Hallucinations: The Causes And Symptoms Of Schizophrenia
The term “positive” is applied to symptoms which create a change in thoughts or behaviors. Many of these may be simply attributed to psychosis, which manifests itself through delusions and hallucinations. A delusion is a deeply-rooted belief that something imaginary is real, or that something real is imaginary. Hallucinations occur when one of the five senses becomes active without stimulation; the sensation is imagined. Any or all of the senses may be affected, but auditory hallucination is the most common. Patients experiencing auditory hallucinations often report hearing one or more “voices” either commenting on his or her own actions or encouraging self-harm. Other positive symptoms include inappropriate outbursts of anger, assumption of uncomfortable bodily positions, and excessive or unnecessary movement. Negative symptoms, on the other hand, represent an absence or deficiency of normal humanistic functions. These include social withdrawal, lack of appropriate responses to physical or emotional stimuli, poor personal hygiene practices, difficulty following instructions, inefficient thought processes, and inability to focus or carry out a task (nhs.uk), (schizophrenic.com), …show more content…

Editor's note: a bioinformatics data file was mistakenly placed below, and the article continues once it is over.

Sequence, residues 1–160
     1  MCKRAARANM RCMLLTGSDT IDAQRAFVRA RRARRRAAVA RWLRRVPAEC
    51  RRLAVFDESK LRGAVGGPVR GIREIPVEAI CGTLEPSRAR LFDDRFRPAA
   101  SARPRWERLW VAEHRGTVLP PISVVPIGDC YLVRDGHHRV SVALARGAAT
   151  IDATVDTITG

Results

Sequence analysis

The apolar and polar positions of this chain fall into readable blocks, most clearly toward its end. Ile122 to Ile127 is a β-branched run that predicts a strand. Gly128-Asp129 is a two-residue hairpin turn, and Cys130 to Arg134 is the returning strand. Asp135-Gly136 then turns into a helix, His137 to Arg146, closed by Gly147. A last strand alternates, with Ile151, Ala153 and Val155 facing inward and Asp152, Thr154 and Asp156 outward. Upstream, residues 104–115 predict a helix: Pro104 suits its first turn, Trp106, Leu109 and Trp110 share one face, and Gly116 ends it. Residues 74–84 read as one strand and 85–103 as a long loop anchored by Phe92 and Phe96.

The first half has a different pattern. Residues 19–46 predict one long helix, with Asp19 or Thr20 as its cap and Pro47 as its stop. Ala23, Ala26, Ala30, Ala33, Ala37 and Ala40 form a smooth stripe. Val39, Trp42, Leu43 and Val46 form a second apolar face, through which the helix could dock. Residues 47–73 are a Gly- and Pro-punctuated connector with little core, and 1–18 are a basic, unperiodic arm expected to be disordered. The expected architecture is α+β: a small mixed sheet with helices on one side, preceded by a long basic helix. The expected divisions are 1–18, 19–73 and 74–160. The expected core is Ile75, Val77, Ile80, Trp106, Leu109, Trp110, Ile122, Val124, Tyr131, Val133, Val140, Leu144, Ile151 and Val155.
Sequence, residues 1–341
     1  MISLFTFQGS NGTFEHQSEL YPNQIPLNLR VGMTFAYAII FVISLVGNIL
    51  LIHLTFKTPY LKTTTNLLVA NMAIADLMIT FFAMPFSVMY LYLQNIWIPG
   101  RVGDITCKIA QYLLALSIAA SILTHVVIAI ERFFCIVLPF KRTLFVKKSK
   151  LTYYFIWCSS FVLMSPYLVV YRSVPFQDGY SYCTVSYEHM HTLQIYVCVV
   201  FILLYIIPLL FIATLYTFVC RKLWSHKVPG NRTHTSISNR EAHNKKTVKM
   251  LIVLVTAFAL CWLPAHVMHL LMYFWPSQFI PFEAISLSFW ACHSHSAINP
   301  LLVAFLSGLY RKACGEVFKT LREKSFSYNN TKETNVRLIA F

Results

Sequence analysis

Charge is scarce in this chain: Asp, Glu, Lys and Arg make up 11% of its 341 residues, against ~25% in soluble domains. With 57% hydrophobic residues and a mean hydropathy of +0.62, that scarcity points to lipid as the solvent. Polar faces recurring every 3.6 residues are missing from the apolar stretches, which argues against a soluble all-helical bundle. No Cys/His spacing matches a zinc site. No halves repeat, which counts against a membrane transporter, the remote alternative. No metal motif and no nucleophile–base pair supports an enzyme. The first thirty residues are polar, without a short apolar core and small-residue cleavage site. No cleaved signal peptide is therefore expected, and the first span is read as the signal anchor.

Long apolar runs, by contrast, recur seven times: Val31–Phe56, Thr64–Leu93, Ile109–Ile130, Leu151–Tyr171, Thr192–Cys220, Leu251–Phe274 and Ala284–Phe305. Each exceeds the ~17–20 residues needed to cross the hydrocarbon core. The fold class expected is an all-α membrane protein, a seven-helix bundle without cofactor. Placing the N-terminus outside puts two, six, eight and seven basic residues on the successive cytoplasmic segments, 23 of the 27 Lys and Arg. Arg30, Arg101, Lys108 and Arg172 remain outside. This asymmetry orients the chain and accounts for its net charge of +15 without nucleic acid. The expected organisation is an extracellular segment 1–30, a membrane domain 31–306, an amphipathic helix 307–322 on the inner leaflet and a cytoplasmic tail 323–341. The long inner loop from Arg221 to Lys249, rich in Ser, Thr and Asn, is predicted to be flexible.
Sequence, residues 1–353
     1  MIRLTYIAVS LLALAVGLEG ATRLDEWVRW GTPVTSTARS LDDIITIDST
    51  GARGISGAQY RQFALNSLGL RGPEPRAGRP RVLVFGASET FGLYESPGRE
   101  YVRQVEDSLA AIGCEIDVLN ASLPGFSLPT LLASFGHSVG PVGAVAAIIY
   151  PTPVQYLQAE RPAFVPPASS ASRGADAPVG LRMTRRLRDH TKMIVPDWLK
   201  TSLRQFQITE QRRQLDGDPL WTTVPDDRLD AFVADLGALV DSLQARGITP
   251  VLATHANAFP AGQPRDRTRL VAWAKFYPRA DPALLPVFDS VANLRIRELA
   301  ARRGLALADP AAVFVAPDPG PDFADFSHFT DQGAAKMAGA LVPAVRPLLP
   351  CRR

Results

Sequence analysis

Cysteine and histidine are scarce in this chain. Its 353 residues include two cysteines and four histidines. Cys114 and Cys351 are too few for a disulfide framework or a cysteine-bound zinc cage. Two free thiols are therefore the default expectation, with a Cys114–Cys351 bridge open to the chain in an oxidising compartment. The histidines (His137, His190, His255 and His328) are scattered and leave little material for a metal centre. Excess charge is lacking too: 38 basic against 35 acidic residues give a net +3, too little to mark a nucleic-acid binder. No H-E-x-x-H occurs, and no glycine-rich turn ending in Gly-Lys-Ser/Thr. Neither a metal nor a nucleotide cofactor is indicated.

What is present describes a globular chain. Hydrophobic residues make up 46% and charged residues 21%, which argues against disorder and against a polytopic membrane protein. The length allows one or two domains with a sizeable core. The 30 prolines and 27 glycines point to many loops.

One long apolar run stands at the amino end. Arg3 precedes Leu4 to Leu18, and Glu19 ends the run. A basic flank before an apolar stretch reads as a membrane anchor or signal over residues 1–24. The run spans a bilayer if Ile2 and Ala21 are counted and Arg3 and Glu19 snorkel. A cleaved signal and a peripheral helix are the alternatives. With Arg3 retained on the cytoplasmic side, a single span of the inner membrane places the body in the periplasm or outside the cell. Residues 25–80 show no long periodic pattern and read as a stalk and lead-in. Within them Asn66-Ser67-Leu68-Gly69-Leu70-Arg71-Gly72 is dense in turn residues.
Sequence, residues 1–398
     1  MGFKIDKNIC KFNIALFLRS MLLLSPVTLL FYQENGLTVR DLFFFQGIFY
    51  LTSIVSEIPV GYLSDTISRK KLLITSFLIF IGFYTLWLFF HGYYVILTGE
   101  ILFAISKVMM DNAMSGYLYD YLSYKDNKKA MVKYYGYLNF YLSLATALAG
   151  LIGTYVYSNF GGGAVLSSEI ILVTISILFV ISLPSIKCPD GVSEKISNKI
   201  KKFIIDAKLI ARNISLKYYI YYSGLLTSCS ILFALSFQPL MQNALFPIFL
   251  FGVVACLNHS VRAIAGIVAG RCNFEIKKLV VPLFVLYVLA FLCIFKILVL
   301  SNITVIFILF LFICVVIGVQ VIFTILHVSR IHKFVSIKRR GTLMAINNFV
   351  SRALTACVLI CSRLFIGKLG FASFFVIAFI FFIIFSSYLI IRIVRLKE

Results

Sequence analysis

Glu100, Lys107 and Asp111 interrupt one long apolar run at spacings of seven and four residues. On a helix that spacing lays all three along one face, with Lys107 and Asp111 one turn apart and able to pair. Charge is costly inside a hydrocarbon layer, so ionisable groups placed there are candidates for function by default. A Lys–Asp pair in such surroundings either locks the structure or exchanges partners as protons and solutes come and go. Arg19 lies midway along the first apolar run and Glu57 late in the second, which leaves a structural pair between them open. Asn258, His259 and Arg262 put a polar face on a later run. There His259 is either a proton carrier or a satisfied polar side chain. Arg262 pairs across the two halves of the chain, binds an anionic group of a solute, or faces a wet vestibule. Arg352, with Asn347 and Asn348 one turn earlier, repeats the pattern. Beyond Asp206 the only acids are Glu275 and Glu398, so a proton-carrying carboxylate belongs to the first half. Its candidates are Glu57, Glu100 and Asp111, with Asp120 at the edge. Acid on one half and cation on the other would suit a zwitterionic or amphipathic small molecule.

Delusions and hallucinations may continue to occur, but the emotional connection to them becomes much less strong, allowing for more normal behavior. Furthermore, there may be residual signs of disorganized speech and emotional withdrawal; these are likely manageable with therapy.
Undifferentiated schizophrenia is diagnosed when a patient exhibits symptoms which do not fully or clearly fit any other diagnosable form of the disease (schizophrenic.com)
Schizophrenia, in any form, may appear at any point in a person’s life: Some begin to show signs as children and others do not experience symptoms until late adulthood. There is a general consensus among experts that the illness is brought about by a collaboration of factors; these have been narrowed down to genetic mutations, environment, and differences in the structure and chemical balances of the brain. Scientists have long known that schizophrenia runs in families, as it occurs in about one percent of the general population and ten percent of those having a first degree relative with the disease. This observation provides evidence for the passing down of genetic mutations, but it has yet to be determined which gene or genes are responsible or what age a person may reach before these mutations take effect. Examinations of affected brains have shown abnormalities such as deficits in dopamine levels,